|The fort encloses c. 7 acres with a single bank rampart on the south and east sides (the north and west sides are defended by the extremely steep scarp slope). The entrance was defended by two stone guard chambers (see excavation reports in the Links section for detail).
Just outside the entrance is square embanked enclosure containing a "barrow". Accounts of what this may be vary:
James Dyer - "Discovering Prehistoric Archaeology" (Shire 2001) states that it may be the site of a celtic shrine.
L.V. Grinsell - "Gloucestershire Barrows" (Transactions of the Bristol and Gloucestershire Arch. Soc. 1960) states: "probably a small round barrow in a roughly square enclosure ... square enclosure may be an 18th century tree-clump enclosure".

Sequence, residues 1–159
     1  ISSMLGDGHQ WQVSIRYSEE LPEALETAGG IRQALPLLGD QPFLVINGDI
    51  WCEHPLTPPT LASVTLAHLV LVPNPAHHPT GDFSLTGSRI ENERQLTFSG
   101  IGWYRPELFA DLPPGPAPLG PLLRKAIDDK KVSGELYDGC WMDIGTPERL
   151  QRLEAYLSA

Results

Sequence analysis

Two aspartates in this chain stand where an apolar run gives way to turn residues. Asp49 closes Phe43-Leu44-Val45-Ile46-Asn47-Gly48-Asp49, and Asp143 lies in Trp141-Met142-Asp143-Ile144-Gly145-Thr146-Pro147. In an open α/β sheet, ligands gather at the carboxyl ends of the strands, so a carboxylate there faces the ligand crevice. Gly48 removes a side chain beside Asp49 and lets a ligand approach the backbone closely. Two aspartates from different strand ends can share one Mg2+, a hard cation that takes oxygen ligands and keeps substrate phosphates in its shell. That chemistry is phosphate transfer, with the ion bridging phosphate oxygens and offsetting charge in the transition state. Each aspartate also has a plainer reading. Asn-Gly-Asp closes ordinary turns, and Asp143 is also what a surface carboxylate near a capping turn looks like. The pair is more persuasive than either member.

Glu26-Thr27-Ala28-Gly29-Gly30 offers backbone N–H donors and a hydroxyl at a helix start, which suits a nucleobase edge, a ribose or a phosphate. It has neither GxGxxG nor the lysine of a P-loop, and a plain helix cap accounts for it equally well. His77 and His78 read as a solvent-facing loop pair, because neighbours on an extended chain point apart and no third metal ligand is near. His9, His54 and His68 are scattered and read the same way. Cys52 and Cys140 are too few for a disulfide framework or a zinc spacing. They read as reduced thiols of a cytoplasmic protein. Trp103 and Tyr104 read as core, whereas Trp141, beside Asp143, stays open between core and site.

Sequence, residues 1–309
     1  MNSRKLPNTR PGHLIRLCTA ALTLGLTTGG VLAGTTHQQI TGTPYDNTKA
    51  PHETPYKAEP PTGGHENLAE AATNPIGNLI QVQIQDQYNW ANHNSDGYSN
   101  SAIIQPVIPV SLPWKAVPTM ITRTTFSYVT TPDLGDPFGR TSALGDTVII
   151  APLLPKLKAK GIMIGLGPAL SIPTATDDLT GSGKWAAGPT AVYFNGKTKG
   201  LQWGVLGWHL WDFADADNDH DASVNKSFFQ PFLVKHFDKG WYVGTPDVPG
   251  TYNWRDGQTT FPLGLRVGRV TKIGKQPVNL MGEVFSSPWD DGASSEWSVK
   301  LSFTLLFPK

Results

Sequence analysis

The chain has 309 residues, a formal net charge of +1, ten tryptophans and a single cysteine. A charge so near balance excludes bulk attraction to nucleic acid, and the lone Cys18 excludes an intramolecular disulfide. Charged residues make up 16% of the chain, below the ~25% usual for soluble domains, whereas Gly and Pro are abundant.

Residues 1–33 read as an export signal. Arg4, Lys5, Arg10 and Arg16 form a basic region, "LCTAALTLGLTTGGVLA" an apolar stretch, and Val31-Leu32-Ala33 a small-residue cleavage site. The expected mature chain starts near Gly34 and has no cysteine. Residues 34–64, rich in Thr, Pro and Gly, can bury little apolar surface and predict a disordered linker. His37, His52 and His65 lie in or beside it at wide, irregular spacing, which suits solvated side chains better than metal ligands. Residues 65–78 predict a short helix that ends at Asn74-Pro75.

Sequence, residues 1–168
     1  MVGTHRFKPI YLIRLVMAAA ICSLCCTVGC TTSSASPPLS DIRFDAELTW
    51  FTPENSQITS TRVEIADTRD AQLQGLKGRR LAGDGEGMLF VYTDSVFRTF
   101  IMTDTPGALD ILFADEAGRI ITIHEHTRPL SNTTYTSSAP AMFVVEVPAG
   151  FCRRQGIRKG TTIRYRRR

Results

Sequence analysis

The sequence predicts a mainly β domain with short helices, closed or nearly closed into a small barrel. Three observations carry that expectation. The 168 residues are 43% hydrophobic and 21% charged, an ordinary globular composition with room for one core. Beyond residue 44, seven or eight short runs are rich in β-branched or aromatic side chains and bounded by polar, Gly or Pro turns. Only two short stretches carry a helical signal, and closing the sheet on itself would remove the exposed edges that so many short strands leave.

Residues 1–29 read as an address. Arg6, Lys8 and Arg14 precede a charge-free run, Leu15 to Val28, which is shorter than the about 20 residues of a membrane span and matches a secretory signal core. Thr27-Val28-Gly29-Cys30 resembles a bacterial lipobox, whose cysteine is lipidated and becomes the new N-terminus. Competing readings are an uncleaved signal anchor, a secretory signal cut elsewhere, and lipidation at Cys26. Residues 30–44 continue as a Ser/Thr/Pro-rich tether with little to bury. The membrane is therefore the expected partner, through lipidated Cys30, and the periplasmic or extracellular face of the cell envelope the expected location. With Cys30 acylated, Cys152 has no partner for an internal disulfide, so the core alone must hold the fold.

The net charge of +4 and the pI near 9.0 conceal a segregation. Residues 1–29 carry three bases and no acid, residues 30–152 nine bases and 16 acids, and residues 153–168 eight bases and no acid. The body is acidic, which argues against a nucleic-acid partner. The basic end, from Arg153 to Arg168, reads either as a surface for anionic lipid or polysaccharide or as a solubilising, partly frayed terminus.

Tim Darvill - "Prehistoric Gloucestershire" (Alan Sutton Publishing 1987) mentions the similarities between the barrow and Iron Age burial structures in Yorkshire and Humberside.
Cheltenham Council - Leckhampton Hill Management Plan states: "This site is part of Scheduled Ancient Monument number 46 and survives as an extremely rare round barrow, a burial mound, within a square enclosure, believed to date from the Iron Age 800BC - 43AD"
Posted by thesweetcheat
4th January 2009ce
Edited 4th January 2009ce